Second Avenue lot now top choice for charter school siteBy Catherine Lackner
An empty lot in the 400 block of Southwest Second Avenue is emerging as the probable site for a new charter school in downtown Miami that's planned to open to students by August 2002.
The public school, proposed to the state by the Downtown Development Authority, will serve 500 kindergarten through 5th-grade students.
Plans call for the authority to create a nonprofit to operate the school and be responsible for obtaining the site. The authority does not want to run the school once it's established.
"We will be getting a school downtown," Miami Commissioner Willy Gort, chairman of the development authority, told the group's board of directors last week.
When the authority applied to start the school in September, a plot adjacent to Bayside Marketplace was favored because of its access to the central business district. But its waterfront location, costs and liability issues make it less feasible.
The Second Avenue location, an inland site, is owned by the Miami Parking Authority and adjoins the Riverside Center office building.
"We met with the Miami Parking Authority. We'd like to see if they would make that site available to us," Commissioner Gort said.
It has not yet been decided whether the parking authority will lease or sell the property, said Arthur Hertz, chairman of the Off-Street Parking Board, but he indicated that a deal seems probable.
"That's a piece of land we bought from the City of Miami to take some pressure off of the city" when financial hard times hit several years ago, Mr. Hertz said. "We really have no immediate need for parking there. We think it would be very good for the charter school."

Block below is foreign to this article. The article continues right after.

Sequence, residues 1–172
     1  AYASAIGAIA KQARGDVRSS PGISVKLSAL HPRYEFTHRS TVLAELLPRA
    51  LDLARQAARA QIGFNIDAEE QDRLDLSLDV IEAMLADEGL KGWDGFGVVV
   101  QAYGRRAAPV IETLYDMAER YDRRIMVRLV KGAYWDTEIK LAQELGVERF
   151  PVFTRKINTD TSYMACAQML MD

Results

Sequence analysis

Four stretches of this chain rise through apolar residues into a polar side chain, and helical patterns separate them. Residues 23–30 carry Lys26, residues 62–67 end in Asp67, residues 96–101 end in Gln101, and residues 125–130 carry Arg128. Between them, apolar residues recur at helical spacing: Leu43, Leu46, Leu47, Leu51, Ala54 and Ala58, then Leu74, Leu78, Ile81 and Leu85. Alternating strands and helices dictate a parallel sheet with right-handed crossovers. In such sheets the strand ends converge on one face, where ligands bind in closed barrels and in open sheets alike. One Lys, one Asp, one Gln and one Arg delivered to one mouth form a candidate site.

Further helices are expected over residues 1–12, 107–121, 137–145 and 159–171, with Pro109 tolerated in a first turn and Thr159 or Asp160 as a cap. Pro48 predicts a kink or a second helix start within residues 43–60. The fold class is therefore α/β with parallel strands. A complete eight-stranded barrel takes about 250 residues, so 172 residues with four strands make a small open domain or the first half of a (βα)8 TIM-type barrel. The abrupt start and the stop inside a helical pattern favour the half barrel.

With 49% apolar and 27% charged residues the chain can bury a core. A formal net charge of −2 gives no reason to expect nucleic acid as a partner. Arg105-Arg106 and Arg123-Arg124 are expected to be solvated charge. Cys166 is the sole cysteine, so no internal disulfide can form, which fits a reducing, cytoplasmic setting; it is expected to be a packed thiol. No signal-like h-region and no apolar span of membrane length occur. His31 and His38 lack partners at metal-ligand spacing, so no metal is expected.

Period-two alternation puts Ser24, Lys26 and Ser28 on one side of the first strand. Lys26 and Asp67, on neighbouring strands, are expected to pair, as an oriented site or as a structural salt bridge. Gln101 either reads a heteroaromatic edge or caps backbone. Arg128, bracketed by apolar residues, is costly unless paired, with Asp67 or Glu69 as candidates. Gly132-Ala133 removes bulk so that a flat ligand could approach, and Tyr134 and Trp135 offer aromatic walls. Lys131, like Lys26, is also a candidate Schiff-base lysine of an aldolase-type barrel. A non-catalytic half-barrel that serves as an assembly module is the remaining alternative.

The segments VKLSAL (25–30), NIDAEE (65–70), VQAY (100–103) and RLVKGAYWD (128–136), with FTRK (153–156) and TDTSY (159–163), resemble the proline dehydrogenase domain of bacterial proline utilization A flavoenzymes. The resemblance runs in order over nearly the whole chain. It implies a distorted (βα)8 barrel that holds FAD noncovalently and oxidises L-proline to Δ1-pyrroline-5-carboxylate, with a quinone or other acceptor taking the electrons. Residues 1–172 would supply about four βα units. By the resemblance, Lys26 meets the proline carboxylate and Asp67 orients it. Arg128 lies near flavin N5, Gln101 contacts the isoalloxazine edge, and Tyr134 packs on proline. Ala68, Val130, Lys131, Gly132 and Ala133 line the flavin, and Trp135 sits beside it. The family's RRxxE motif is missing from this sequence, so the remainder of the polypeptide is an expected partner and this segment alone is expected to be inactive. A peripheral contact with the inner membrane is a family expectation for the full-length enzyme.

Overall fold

A third site in the Government Center area next to the Miami Police Department, also on Northwest Second Avenue, has not been ruled out.
Charters are free, independent public schools that are run privately by individuals, groups or municipalities. They receive about $3,000 to $4,000 per student in tax money but are subject to fewer regulations than most public schools.
The charter school must be approved by the county's School Board and the State of Florida. There are about 15 charter schools open in Miami-Dade county.
"In order for the project to be economically viable, the site must be made available to us by the DDA," Joaquin G. Avino, a former county manager, said in a letter to Patti Allen, authority executive director. "The Bayside and the Riverside sites are both under the ownership in some fashion of the City of Miami. The DDA needs to acquire control of the site."
Time is of the essence, Mr. Avino said, as the agency rushed to meet the Oct. 1 application deadline because "any delay results in the opening being delayed for a full year, since it is not an option to open a charter school after the school year has commenced."
A site must be finalized before the application is ruled on in the spring, according to Mr. Avino, who is president of Charter Schoolhouse Developers Inc., the entity chosen to manage the school for the development authority.
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